Durham shocker: Danchenko was a paid FBI informant
Today, Special Counsel John Durham moved to unseal this motion in limine in the false statements case against Igor Danchenko.
This motion provides new information on the details of Danchenko’s lies to the FBI, further information on how Special Counsel Mueller ignored Danchenko’s false statements, expected testimony from Clinton-connected executive Charles Dolan, and one crazy development.
But we’ll start with the the most damning development: Danchenko was on the FBI payroll as a confidential human source (CHS) from March 2017 through October 2020.
The purposes of making Danchenko a CHS should be quite clear. The Crossfire Hurricane investigation was plagued with problems from the outset. The reasons for opening the investigation were bunk. Those problems continued as the investigation went on, with claims of Trump/Russia collusion proven unverified or outright false. (Thus the targeting of Flynn for a Logan Act violation.)
That developed into the Carter Page FISA applications, first submitted to the Foreign Intelligence Surveillance Court (FISC) in October 2016, and which relied substantially on the Steele Dossiers (aka Steele Reports). The FISA applications were renewed three times - more on that later. Each application had its own problems, from FBI lawyers lying about Carter Page to the Court being generally misled.
Realizing its own misconduct, the FBI made Danchenko a paid CHS in March 2017 - just before the third FISA warrant was submitted in April 2017. This would allow Comey’s FBI to work directly with Danchenko in support of its counter-intelligence investigation against President Trump.
Danchenko being a CHS also served another purpose: it protected the Bureau and the Mueller Special Counsel from revealing their “sources and methods.” How do you hide misconduct? Bury the witness.
(Read again Inspector General Horowitz’s report concerning the Carter Page FISA warrants. Did Horowitz know that Danchenko was a CHS?)
Context helps - here’s a brief timeline of the Danchenko interviews and other important events:
October 2016: The first Carter Page FISA warrant is submitted to the FISC.
January 12, 2017: The application for the second FISA warrant is submitted to the FISC.
January 24-25, 2017: Danchenko is first interviewed by the FBI. At those meetings, he made false statements that he spoke to Sergei Millian by phone and that Millian agreed to meet him in New York. Both those claims were false.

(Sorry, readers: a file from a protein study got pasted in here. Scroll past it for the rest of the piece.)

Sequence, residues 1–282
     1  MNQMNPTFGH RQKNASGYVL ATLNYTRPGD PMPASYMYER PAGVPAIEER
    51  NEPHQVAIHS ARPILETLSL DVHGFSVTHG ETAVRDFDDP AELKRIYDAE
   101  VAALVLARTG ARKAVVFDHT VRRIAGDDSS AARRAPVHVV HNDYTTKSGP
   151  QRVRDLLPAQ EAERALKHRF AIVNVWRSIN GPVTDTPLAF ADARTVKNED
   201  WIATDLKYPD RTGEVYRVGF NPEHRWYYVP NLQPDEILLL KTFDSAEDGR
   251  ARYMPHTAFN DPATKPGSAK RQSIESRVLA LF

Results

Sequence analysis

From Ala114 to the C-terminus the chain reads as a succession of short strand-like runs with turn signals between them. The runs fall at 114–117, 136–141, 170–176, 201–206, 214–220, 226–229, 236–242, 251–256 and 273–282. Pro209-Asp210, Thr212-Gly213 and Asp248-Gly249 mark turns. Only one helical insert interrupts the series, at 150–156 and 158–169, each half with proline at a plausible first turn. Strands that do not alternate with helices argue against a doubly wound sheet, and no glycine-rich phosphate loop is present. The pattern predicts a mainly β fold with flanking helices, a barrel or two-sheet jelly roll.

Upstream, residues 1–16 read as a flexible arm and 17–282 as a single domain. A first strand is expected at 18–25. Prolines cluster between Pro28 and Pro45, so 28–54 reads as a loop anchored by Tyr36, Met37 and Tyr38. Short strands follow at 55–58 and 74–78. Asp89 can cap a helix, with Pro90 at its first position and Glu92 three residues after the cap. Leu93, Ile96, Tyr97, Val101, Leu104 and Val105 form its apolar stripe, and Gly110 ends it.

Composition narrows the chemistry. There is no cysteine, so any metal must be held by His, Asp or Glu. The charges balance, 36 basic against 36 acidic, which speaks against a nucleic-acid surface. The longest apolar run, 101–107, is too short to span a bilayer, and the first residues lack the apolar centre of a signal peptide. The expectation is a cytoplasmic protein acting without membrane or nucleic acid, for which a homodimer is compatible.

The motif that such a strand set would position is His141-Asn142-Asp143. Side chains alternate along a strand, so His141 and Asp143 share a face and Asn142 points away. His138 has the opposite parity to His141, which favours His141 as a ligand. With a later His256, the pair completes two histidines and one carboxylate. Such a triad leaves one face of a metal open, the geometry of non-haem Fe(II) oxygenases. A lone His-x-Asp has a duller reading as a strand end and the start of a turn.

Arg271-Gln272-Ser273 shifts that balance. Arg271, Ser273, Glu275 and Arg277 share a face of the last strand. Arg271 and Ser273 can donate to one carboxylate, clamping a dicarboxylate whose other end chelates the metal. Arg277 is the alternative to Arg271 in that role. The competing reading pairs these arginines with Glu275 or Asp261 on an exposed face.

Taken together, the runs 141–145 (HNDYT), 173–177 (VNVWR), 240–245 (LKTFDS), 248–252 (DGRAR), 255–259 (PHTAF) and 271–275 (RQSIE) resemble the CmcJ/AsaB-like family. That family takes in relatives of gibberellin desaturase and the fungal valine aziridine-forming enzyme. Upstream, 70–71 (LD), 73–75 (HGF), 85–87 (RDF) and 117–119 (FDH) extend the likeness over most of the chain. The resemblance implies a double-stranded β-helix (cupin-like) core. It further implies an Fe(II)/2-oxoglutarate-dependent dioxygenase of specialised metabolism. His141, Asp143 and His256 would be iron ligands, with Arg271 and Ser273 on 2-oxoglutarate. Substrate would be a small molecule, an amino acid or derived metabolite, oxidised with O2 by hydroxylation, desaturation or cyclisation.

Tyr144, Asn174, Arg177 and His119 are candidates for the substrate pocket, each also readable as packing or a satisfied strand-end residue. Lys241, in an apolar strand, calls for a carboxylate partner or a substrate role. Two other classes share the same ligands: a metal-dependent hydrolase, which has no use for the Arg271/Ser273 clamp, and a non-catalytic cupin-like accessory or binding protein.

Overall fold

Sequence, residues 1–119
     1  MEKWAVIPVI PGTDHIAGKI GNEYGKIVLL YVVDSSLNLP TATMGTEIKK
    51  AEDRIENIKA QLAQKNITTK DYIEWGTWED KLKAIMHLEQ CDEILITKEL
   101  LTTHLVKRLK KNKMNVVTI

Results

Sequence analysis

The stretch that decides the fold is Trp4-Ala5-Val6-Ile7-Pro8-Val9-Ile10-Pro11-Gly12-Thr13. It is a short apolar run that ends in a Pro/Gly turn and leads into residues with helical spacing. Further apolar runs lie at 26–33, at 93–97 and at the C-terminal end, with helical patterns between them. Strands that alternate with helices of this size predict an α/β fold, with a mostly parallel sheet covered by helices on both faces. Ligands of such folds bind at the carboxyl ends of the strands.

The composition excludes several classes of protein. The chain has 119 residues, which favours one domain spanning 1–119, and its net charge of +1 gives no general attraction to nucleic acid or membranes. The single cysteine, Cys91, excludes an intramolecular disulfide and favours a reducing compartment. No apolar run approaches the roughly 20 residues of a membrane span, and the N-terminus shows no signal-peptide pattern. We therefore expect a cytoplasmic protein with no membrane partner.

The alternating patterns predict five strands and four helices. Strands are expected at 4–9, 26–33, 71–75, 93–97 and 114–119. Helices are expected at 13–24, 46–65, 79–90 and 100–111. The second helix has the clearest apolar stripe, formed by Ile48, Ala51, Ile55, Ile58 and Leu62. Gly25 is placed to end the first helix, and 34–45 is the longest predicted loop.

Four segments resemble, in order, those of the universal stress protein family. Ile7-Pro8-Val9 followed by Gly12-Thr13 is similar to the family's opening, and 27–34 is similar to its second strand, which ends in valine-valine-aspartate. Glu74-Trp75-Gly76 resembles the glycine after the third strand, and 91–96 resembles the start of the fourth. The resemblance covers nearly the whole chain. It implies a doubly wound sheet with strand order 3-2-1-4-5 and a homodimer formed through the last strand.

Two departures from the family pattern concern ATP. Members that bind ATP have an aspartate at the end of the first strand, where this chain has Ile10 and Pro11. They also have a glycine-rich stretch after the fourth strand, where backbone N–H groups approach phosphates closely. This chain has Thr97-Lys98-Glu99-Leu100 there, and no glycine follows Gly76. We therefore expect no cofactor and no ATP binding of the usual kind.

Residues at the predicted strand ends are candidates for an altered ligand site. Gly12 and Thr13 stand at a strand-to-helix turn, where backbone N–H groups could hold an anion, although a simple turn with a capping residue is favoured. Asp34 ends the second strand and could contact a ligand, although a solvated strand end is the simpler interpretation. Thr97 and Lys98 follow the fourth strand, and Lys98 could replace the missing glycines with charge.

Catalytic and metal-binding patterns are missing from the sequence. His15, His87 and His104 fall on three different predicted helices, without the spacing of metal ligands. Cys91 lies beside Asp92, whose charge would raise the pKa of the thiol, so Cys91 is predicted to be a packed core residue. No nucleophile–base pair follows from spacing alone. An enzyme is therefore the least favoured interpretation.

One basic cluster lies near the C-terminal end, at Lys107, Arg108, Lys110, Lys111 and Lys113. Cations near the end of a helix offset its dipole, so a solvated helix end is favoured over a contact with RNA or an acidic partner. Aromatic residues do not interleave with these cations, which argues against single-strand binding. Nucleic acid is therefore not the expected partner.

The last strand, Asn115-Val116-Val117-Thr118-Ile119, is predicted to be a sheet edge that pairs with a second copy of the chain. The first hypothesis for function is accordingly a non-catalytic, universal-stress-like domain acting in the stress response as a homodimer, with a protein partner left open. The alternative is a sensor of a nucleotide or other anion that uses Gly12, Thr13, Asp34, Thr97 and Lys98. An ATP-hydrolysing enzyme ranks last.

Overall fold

March 2017: Danchenko is hired by the FBI as a CHS.
March 16, 2017: Danchenko lies to FBI agents that “he received a late July 2016 telephone call from an individual who Danchenko believed was ‘probably’ [Millian"], when in truth and in fact, and as the defendant well knew, [Millian] never called Danchenko.”
April 7, 2017: The application for the third FISA warrant is submitted to the FISC.
May 9, 2017: President Trump fires FBI Director James Comey.
May 17, 2017: Robert Mueller is appointed Special Counsel.
May 18, 2017: Danchenko falsely states to FBI agents that he “‘was under the impression’ that a late July 2016 telephone call he received was from [Millian']” when in fact Millian never called Danchenko.
June 15, 2017: Danchenko lies to FBI agents that he had never “spoken with PR Executive-1” (Dolan) about the dossier allegations.
June 29, 2017: The application for the fourth FISA warrant is submitted to the FISC.
October 24, 2017: Danchenko lies to FBI agents, stating that he had spoken to Millian “on the telephone on more than one occasion.”
November 16, 2017: Danchenko lies to the FBI against, stating “he had spoken to [Millian] on the telephone” when he knew he never did.
December 9, 2019: The Horowitz report is released, detailing the DOJ/FBI/Mueller FISA abuse.
October 19, 2020: John Durham is appointed Special Counsel.
October 2020: Danchenko is terminated as a CHS.
For background purposes, here’s our discussion on the Danchenko indictment and what the FBI knew about Danchenko’s Clinton connections. Recall that Danchenko was indicted for multiple false statements given to federal officials during the Trump/Russia investigation. Anyways, back to today’s motion.
The Motion in Limine
When the Steele Reports were released, the media picked-up on the most salacious rumors, one that was utterly unbelievable: that Russian intelligence had a video of Trump involved with prostitutes at the Moscow Ritz-Carlton Hotel. Also known as the “pee tape.”
The allegation came from Danchenko, who attributed it to his sources - one from the Ritz-Carlton, and another being Sergei Millian. Durham will refute it, as it expects to call at trial “Bernd Kuhlen,” the then-general manager of the Ritz-Carlton, who will deny speaking with or ever meeting Danchenko “in June 20165, or at any time.”
As to Sergei Millian (more on him later), Durham will show that Danchenko falsely stated to the FBI that this information from Millian “came from a single ten, or fifteen minute anonymous phone call that allegedly took place in late-July 2016.” That timing is of particular importance, as explained by Durham:
Then there are Danchenko’s false statements about Charles Dolan, an influential Democrat executive with ties to the Clintons. Interestingly, it was Dolan who was given a tour of the Ritz-Carlton Presidential Suite, which was the supposed location of “Trump’s alleged lurid sexual activities.”